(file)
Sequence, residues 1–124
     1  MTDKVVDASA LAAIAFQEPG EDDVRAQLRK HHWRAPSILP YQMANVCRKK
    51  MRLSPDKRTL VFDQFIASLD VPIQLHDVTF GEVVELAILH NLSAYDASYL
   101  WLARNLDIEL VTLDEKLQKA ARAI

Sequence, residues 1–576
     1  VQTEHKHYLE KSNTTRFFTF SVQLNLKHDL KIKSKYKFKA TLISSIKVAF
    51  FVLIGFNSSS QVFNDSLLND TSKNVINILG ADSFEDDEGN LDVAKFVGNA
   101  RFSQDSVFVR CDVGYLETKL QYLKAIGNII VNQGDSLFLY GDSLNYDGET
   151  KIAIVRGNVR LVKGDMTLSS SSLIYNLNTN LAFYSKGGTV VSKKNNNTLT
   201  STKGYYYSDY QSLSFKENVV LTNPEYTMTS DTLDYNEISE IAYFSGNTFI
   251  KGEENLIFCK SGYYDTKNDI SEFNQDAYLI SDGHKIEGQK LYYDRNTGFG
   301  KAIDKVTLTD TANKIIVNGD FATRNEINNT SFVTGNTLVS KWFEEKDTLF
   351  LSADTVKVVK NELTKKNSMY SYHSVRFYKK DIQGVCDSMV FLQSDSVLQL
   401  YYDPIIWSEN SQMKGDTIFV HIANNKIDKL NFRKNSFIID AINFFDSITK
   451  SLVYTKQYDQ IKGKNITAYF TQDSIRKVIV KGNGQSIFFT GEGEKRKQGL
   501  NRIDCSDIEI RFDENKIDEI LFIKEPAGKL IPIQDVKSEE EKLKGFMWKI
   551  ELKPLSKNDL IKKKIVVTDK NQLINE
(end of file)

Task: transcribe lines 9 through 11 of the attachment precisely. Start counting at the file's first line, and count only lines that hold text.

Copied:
   151  KIAIVRGNVR LVKGDMTLSS SSLIYNLNTN LAFYSKGGTV VSKKNNNTLT
   201  STKGYYYSDY QSLSFKENVV LTNPEYTMTS DTLDYNEISE IAYFSGNTFI
   251  KGEENLIFCK SGYYDTKNDI SEFNQDAYLI SDGHKIEGQK LYYDRNTGFG